A community board is recommending no landmark designation for a building that would be used for a mosque near the former World Trade Center site.

Community Board 1 voted 24-11 Tuesday to recommend that the city’s Landmarks Preservation Commission deny historic designation to the building. The designation would complicate the mosque’s construction.

Opponents of the mosque favored the designation.

The mosque is a project of the nonprofit Cordoba Initiative, which says it promotes cross-cultural understanding between Islam and the West. Cordoba purchased the property for $4 million. It plans to build a $100 million Islamic center.

The board voted overwhelmingly last spring to back the project even as it drew emotional opposition from some local residents and relatives of 9/11 victims.

Emotions ran high earlier this month at a meeting of the Landmarks Commission. The vote, however, won’t be held until later this summer.

“It’s called Islama-phobia pure and simple and do not allow … Now, you see, if this is the voice, if this is the voice of reason then we’ve got a lot to contend with,” said Zead Ramadan of the Council on Islamic-American Relations New York.

“It would be a travesty to permit this building to be removed. It would be like removing the sunken ships from Pearl Harbor to erect a memorial for the Japanese kamikazes killed in the attack,” said Sam Nunberg of the Center for Law and Justice.

Site owner Sharif El-Gamal asked the commission to “understand the importance of this project to revitalizing New York.” And he begged the group not to grant landmark status to the 1857 Italian Renaissance-inspired building. That would make it difficult, if not impossible, to build the mosque because changes to historic buildings are hard to get approved.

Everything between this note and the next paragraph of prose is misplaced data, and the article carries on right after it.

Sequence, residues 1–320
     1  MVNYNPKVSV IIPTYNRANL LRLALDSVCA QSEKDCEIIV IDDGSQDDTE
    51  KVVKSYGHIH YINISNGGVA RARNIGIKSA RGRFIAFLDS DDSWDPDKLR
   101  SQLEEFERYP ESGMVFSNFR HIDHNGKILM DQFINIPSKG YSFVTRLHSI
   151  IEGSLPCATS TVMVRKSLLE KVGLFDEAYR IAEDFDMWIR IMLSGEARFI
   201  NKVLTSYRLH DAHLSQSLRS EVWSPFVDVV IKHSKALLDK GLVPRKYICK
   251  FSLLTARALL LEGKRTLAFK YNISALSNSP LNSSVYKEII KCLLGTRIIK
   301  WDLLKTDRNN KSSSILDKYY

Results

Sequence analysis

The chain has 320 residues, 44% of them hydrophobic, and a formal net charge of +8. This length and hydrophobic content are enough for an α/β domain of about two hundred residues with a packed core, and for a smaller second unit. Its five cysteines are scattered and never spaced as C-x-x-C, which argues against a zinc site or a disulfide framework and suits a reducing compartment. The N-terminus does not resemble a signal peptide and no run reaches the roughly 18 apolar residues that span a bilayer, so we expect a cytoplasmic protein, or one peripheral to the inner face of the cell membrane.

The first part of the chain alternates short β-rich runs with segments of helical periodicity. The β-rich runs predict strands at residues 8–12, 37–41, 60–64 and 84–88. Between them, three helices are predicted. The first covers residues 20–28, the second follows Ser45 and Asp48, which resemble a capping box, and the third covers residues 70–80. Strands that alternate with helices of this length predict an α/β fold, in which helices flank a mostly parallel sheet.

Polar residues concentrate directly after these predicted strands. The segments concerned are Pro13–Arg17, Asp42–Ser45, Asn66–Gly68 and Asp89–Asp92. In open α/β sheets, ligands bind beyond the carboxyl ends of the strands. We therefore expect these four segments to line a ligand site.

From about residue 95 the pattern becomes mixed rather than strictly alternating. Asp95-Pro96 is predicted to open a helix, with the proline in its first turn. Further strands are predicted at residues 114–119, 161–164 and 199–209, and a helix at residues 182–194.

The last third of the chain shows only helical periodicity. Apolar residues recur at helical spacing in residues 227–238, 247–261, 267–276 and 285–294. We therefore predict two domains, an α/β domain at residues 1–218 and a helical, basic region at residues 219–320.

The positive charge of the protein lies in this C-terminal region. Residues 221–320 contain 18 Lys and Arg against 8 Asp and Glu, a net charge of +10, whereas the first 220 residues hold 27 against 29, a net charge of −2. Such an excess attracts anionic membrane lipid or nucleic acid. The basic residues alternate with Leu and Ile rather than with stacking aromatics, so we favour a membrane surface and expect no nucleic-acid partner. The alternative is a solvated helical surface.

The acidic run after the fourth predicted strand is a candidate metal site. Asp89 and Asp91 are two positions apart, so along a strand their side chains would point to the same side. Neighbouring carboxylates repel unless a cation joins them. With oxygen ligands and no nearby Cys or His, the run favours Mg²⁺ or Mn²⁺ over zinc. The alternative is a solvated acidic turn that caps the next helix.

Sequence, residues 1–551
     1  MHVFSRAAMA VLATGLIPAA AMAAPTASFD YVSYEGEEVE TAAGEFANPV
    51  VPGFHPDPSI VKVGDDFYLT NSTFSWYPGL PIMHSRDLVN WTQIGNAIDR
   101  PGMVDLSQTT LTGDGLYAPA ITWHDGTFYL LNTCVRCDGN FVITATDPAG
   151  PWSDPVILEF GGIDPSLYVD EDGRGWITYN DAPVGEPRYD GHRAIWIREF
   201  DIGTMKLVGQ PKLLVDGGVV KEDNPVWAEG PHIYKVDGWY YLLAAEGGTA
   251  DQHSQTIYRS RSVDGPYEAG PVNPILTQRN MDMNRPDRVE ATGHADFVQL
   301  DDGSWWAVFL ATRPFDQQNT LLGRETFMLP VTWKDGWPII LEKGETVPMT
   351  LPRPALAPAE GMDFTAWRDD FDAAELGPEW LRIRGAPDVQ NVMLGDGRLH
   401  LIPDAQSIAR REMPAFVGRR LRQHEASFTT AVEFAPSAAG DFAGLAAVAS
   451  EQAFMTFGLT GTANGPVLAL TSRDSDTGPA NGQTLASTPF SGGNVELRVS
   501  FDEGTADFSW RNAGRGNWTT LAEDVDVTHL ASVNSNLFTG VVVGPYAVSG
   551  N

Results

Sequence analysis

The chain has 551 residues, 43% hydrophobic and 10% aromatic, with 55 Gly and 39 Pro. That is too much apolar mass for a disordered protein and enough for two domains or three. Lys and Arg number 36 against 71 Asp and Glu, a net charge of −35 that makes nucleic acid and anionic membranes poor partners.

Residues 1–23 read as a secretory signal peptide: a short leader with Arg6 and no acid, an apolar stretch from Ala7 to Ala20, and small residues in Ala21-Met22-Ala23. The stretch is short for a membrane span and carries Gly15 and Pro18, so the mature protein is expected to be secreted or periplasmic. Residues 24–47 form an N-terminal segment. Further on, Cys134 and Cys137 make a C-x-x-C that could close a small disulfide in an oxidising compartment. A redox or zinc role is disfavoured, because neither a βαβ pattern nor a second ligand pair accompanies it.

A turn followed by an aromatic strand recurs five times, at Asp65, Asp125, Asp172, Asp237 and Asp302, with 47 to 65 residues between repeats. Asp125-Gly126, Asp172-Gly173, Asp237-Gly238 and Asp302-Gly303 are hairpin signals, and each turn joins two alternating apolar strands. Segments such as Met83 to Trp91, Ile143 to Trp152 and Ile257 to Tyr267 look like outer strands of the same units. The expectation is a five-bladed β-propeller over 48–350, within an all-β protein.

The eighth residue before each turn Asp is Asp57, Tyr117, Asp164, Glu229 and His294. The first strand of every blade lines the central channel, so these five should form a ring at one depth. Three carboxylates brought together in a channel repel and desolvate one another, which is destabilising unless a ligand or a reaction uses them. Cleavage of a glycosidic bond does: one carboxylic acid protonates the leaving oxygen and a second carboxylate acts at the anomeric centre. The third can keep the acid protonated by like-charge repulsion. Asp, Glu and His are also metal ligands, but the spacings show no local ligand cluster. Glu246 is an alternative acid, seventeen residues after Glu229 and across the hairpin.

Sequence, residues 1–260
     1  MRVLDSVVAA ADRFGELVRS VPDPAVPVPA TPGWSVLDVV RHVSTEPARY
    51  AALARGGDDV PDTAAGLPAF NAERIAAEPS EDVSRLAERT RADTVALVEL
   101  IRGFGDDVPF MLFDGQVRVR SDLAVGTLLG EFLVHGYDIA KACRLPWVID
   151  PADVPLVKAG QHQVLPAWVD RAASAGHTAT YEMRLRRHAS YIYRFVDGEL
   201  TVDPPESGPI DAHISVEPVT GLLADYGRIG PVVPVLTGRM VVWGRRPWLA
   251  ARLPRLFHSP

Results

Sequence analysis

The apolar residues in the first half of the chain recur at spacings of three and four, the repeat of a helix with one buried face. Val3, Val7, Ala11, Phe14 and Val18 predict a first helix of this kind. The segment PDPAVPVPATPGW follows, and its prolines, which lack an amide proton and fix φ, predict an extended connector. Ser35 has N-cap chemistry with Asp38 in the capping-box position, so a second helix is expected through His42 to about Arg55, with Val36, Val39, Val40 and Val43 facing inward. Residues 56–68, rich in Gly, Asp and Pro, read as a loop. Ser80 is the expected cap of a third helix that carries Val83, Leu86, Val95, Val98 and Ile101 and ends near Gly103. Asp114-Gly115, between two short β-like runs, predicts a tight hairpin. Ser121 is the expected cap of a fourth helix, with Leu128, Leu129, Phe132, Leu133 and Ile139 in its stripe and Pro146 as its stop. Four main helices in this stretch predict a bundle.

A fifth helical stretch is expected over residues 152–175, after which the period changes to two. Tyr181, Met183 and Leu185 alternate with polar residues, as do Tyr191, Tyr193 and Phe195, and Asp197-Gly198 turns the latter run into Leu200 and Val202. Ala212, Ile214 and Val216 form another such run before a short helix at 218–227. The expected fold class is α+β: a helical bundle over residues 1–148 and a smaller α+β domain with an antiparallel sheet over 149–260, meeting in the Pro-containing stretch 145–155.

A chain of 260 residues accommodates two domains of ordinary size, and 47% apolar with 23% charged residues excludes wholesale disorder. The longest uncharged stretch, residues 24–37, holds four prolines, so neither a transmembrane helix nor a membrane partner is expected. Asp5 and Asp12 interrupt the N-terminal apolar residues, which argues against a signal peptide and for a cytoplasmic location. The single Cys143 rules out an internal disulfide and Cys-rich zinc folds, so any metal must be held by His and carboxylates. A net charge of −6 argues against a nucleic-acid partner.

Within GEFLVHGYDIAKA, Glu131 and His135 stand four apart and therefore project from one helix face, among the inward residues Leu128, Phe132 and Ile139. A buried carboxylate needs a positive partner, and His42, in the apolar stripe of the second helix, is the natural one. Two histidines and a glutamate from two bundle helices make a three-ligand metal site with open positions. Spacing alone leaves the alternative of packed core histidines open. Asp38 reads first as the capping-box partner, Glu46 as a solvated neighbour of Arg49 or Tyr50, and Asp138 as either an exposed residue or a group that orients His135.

“The landing gear from one of the planes from the 9/11 attack crashed into that building, went through the roof and down into the basement and that should be a museum,” Murray Hill resident Barbara Paolucci said.

Which is exactly why 9/11 families and other groups want the landmark status to be approved. They see it as a backdoor way to stop the mosque from being built near ground zero.

The Landmark Preservation Commission won’t vote until later in the summer. Members of the commission are appointed by Mayor Michael Bloomberg. He supports the mosque.

(© 2010 CBS Broadcasting Inc. All Rights Reserved. This material may not be published, broadcast, rewritten, or redistributed. The Associated Press contributed to this report.)

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